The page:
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Gaza: turning the power back on

12-07-2006 Feature

ICRC delegate, Dejan Ivkov, describes how he and two colleagues escorted engineers to restore the electricity supply to thousands of Gaza residents and got caught in crossfire during an evacuation that came to naught.

It was around 10 am on Friday July 7 when we got the green light from the Israeli authorities to enter the area of Beit Lahiya. The previous day we had received an urgent request from the Gaza Electricity Company concerning vital cables that were in need of repair. I and two colleagues were designated to escort five technicians to carry out the necessary work. I was surprised that a small company bulldozer also joined our convoy but it was to prove its worth later.


Beit Lahya, a town of 80'000 just   six kilometres north of Gaza City had been isolated for almost two days due to the ongoing military operation. Before leaving, we made sure that our contact at the Israeli Civil Administration (DCL), who is also our liaison officer with the Israeli Defense Forces,   had informed ground troops of our trip.

Suddenly the road was empty of pedestrians and civilian cars. Only tanks and armoured vehicles were on the move. One tank turned its cannon in our direction. For a split second, I was scared. Then, a soldier opened the lid of the turret and waved at us to indicate the way. A few hundred metres further on, our way was blocked by a huge pile of sand. The soldiers allowed the company bulldozer to remove it provided it was put back again after we had passed. We did as requested.

The road was full of potholes. The same tank now stood on a hill overlooking us, with its canon still pointing in our direction.

We finally reached the Al-Waha hotel in the area where the fault had been reported. The technicians examined the electricity pylons but they were still functioning despite having been knocked to the ground.

" We need to go further on " , said the chief technician. Easier said than done. I managed to get hold of my contact at the DCL who said we could go " only one additional kilometre " . The area was still relatively quiet as we proceeded with caution. The five technicians were still unable to figure out where the damage was. I asked for further permission to carry on another 500 metres when we saw two huge electric cables that had been hit by shrapnel.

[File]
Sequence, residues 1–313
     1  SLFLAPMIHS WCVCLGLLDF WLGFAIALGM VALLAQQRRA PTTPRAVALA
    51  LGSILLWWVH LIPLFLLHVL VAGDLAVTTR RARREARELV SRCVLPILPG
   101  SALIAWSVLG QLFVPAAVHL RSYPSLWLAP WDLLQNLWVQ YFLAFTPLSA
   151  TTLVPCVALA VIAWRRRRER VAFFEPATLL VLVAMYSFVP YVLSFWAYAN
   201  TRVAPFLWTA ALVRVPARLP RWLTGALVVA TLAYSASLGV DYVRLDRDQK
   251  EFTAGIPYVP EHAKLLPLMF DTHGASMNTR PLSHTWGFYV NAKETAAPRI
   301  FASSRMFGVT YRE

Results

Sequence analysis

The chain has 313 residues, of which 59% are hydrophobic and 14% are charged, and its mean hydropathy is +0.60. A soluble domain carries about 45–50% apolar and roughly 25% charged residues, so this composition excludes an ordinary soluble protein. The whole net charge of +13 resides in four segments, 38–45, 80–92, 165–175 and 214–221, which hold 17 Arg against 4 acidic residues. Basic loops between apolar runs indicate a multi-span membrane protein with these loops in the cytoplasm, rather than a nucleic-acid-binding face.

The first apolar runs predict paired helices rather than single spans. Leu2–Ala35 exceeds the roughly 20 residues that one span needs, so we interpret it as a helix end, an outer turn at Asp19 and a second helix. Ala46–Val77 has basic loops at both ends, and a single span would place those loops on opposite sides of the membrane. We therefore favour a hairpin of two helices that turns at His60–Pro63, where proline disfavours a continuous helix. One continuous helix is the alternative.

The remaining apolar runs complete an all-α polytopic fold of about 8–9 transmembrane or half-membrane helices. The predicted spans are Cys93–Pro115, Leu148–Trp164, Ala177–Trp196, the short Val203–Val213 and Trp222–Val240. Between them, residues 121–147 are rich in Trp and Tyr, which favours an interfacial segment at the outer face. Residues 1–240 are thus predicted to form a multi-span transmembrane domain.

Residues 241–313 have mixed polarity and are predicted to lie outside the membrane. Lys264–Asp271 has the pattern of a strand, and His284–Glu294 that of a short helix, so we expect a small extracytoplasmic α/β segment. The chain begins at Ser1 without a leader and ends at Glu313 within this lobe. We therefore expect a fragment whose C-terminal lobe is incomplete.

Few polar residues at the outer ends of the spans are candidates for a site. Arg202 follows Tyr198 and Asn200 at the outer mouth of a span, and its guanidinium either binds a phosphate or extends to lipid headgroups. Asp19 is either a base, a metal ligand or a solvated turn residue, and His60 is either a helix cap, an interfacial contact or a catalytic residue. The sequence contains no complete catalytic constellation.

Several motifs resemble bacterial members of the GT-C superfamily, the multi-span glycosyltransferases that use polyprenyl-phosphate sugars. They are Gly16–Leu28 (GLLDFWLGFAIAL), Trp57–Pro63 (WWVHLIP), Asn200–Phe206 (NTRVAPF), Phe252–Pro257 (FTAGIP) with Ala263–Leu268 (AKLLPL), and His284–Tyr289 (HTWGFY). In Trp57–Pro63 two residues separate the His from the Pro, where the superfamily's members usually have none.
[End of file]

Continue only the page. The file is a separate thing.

After midday prayers, the technicians could begin working. The job took three hours while tanks passed by on the road. I watched nervously waiting for the repairs to be completed.

We escorted the trucks half-way back to Gaza city, to the point where there was no longer any Israeli military presence. Then we had to turn back as we received a request to evacuate a patient with heart trouble. The report came from only one kilometre away but our car was soon stuck in sand. My colleague, Randi, and I got out and walked for a few hundred metres, waving the ICRC flag as we progressed.

An armoured vehicle was parked in front of a house and half a dozen soldiers were standing nervously in the front yard. When we asked about the patient they told us that he had been evacuated earlier. However, they said that a young man had been wounded in a nearby building and needed to be transported out.

We followed the soldiers'directions, still waving the flag above our heads. Suddenly, heavy shooting broke out. We hugged the wall until we reached the yard of the building where the injured man was supposed to be. The door was locked from the outside with a metal chain. We stood there for a moment, staring at the windows, longing for somebody to answer our calls. The shooting was coming from all over the place. We waited for what seemed a very long time, ten minutes perhaps, and left the place empty-handed.

On the way back to Gaza city, we stopped to buy fish. The Shatti market was quite busy and more importantly the traffic lights were working again! That night, 25'000 people had power restored in their homes.